Industry urges Japan's engineers to get practical

July 31, 1998

Japanese universities are being urged to improve standards in their engineering faculties as fears mount that the country is losing its competitive edge.

The content of engineering courses, the quality of teaching and the levels of funding are just some of the areas which critics say require closer scrutiny.

The most vocal and persistent calls for change come from Japan's beleaguered industrial sector, which says that engineering faculties at the country's universities are failing to produce the sort of graduates the country urgently requires.

In particular, engineering faculties have been accused of devoting too much time to the development of theoretical and research skills rather than practical workplace skills.

The demand comes at a time when Japan is officially in recession.

One specific suggestion for raising standards in engineering education is the creation of an independent body to evaluate the relevance and effectiveness of the courses on offer at universities. Such a body would also have the task of highlighting weaknesses in teaching standards and facilities.

The introduction of more rigorous evaluation programmes is one of the most topical issues in Japanese higher education.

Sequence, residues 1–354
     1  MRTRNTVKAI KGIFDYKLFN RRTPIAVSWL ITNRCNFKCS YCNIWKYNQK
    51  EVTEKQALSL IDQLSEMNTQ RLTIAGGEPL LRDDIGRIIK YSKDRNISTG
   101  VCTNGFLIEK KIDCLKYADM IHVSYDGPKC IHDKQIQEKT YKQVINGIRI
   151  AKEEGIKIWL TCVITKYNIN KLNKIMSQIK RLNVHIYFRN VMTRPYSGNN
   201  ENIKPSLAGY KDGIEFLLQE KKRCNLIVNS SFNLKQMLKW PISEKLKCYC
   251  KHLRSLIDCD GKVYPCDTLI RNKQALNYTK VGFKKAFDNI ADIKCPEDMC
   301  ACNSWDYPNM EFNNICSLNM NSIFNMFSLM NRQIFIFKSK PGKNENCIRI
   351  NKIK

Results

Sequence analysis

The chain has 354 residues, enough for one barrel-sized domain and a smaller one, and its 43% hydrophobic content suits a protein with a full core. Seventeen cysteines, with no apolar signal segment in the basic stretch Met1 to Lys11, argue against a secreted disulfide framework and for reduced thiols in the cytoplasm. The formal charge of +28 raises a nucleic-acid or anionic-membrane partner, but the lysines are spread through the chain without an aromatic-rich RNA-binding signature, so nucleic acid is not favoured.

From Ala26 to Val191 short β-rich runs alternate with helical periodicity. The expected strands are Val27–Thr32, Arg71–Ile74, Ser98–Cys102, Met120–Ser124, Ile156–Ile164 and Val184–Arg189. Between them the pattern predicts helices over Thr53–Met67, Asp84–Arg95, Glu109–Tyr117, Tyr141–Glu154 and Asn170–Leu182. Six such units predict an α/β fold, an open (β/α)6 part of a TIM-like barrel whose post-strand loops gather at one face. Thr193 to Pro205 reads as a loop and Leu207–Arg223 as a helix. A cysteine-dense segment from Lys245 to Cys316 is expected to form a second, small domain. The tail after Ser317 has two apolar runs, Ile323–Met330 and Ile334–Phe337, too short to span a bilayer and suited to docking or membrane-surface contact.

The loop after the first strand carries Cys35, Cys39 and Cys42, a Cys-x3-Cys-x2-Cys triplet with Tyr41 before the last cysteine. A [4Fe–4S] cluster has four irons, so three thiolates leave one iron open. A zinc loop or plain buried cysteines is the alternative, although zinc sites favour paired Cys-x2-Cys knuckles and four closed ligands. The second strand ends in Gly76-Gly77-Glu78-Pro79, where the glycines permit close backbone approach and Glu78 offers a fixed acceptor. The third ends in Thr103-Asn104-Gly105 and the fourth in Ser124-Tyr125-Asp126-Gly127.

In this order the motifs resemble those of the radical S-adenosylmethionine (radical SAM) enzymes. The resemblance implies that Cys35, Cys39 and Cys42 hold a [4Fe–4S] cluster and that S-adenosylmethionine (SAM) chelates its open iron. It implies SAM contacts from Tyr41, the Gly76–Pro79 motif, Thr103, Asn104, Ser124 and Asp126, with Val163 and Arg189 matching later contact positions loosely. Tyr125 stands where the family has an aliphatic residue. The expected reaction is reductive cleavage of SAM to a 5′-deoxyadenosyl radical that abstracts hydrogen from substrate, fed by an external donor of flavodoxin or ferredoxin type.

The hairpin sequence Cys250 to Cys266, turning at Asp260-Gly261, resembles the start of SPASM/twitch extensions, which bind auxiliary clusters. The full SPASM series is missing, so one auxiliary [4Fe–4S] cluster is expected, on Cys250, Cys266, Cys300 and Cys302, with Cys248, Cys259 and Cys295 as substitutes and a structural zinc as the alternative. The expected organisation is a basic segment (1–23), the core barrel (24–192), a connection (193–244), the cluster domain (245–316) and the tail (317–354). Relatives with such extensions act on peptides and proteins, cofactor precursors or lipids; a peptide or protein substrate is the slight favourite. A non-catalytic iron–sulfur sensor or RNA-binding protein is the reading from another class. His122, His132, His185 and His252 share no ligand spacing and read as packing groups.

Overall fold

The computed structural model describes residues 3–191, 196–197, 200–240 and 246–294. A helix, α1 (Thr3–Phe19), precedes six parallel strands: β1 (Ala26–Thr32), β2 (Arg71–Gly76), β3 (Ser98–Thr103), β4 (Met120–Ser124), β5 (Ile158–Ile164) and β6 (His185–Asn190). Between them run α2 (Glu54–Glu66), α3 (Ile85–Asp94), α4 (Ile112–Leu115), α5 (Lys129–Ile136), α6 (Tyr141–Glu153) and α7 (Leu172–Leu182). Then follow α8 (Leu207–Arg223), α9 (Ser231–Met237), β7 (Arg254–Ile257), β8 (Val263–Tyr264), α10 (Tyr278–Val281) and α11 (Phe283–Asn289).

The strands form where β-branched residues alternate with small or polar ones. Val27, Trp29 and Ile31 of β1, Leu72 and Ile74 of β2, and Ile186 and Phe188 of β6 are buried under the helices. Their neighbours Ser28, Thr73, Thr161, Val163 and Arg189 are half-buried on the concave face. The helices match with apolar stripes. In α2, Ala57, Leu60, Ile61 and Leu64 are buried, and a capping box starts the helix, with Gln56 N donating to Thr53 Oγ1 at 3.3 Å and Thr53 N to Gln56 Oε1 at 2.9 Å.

"The idea of explicit evaluation programmes is vehemently opposed by many Japanese lecturers and researchers," said journalist Yoshio Sato.

"Many universities know the quality of teaching and the resources available in their engineering faculties are poor and believe that adverse criticism and public awareness of their weaknesses will do little to improve matters."

The Japanese Society for Engineering Education and representatives of the Japan Federation of Economic Organisations are to study a number of ways of improving standards of engineering education at Japanese universities.

It has already been agreed that more should be done to encourage high-school pupils to opt for engineering courses.

The growing popularity of business and information technology courses has left engineering faculties struggling to attract the country's most talented students.

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